It is funny how it’s the little things that take us back in time to our own childhoods – a certain smell, something someone says in passing, or perhaps a song. For me, my son’s artwork reminds me of a time when the biggest problem I had was claiming the good magnets before my sister got to them.
Other times, she and I would sit at the dining room table and draw pictures for our dad. You see, my dad was and still is a health guru. He has a workout room in my parents’ basement and still uses it to this day. The room once housed the bedroom of the teenage girl of the family that built our house before my parents bought it. So my dad decided rather than painting over the strip of flowered wallpaper that went around the room, that he’d hang his kids’ artwork on the walls instead. So, part of our family’s tradition was coloring pictures for dad’s workout room and pieces that had already shined on the main stage of the fridge got a second life downstairs on the walls too.
As we colored each drawing for my dad, I’d take big pride in going downstairs when he was in there working out and knocking on the room of the door while he blasted country music and lifted weights. He’d slowly open the door and I’d hand him my newest creation. He was always grateful and complimentary of whatever we drew and not all of us were artists (me in particular). I’d take tremendous pride as he pulled out two thumbtacks from atop his stereo system and asked me where we should hang it. Once it was up, we’d stand back and look at it. I’d look around the room at the drawings we’d given him over the years – my sister’s “School Safety” winning drawing of a girl crossing the street with her dog, a ripped out page from a dinosaur coloring book my brother colored during his “Jurassic Park” phase, and the traditional shadow silhouette of my profile I’d drawn in the 1st grade.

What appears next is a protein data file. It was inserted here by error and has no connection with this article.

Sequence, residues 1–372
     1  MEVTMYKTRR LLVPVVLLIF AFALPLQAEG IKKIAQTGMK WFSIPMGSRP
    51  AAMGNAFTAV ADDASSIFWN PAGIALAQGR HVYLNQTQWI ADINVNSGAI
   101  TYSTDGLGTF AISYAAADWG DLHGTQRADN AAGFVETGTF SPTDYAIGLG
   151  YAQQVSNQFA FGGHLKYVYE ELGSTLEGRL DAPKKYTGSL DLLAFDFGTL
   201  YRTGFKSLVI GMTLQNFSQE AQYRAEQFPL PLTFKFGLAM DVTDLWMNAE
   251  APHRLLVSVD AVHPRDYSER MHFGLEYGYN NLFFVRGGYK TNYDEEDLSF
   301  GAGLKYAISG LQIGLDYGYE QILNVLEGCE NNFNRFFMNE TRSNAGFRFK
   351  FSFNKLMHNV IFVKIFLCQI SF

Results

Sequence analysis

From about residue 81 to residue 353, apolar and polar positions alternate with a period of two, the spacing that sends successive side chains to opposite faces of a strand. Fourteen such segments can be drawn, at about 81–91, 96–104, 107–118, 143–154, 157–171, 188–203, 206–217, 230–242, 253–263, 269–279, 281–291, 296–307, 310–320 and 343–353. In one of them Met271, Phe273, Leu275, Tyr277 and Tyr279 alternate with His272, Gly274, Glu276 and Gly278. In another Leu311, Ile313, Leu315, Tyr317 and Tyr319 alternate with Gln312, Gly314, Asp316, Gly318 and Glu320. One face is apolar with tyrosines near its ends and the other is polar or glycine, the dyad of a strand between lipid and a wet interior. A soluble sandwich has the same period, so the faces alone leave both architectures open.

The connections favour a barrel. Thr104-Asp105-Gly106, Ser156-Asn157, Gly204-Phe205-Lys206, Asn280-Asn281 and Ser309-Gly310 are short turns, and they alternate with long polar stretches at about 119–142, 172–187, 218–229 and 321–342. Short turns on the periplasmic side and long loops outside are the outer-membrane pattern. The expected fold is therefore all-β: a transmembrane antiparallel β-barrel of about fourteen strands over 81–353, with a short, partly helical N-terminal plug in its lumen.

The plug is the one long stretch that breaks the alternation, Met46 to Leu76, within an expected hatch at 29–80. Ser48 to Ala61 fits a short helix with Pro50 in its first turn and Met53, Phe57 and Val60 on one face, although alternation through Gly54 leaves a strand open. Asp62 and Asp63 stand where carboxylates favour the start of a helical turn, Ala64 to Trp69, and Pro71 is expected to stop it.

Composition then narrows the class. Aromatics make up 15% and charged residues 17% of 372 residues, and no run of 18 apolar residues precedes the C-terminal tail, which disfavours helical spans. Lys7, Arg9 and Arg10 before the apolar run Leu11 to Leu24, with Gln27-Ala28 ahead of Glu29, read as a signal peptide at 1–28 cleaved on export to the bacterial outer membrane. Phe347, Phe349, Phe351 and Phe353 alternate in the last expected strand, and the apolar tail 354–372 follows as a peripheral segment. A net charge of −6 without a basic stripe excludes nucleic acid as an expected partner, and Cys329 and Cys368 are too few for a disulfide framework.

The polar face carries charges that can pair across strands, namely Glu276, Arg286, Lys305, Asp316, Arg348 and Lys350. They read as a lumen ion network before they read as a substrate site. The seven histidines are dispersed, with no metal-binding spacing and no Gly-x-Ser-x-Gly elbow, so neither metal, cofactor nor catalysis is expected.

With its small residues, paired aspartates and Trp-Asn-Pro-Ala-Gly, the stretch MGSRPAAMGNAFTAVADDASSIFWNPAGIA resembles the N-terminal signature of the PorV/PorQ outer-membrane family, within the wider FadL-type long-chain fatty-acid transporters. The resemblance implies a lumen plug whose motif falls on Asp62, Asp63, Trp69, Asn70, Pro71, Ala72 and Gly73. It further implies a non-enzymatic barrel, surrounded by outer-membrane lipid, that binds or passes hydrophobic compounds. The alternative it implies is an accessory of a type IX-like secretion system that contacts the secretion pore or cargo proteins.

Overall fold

They were all there. Proudly on display. Mementos from his three children.
Most of the artwork would stay up for years. Long after I stopped doing drawings for the wall, I’d use the workout room for its intended purpose and I’d look around the room and be reminded of days gone by. Times when the world was simpler, easier and when the highlight of my day was knocking on the door of the room I now stood in as an adult. A young girl, excited by the thought of giving her dad something she’d made him for his favorite space.
When I became a mom I decided this was something I’d carry on with my own kids. I don’t have a workout room (the exercise gene skipped me), but the kitchen is the heart of our home now. So, when my son makes me a drawing or writes his name on a scrap piece of paper, it goes on the fridge. Anything he makes is special to me.
Like my dad, if I can make my child’s day by simply hanging up something he made just for me, well then consider it done! I will gladly continue this tradition, and luckily my son didn’t inherit my non-existent artistic abilities. Not that it would matter if he did, his art would still hang proudly on the fridge.

Lessons From Nap Time

annie-theby-267666-unsplash
I watched you today, sweet boy.
You were fighting your nap on the baby monitor. You were rolling around and rocking back and forth on your hands and knees to practice getting ready to crawl any day now. Your blanket was crumpled up in the corner of your bed. Your stuffed lamb was out of sight, probably on the bedroom floor after you had chucked him out of the crib. You’ve definitely got a future baseball pitcher’s arm.
As I watched you, I was laying on my bed down the hall. Your daddy and I were both tired from the night before so we thought we’d catch a nap at the same time as you and your brother. You big brother was already asleep in his room. But, you had other plans.
You started to cry then.
I looked over at your daddy, who was already drifting off to sleep. As daddy tends to know, he knew I was watching him, looking for an answer to an unasked question. He opened his big brown eyes and said, “Just go get him and bring him in here.”
Bring him in here?
I found the idea peculiar because in our four years of parenting thus far, we had yet to sleep with a child in our bed. Your brother was/is a good sleeper. You didn’t follow in his footsteps in that respect.
As always, your daddy knew just what to say. So, I stumbled down the hall to get you. When I opened the door you smiled your big toothless smile and sat up in your crib. I love how every time I pull you out of it, you make me feel like a prince retrieving the princess from the witch’s tower. Cribs aren’t really that bad are they?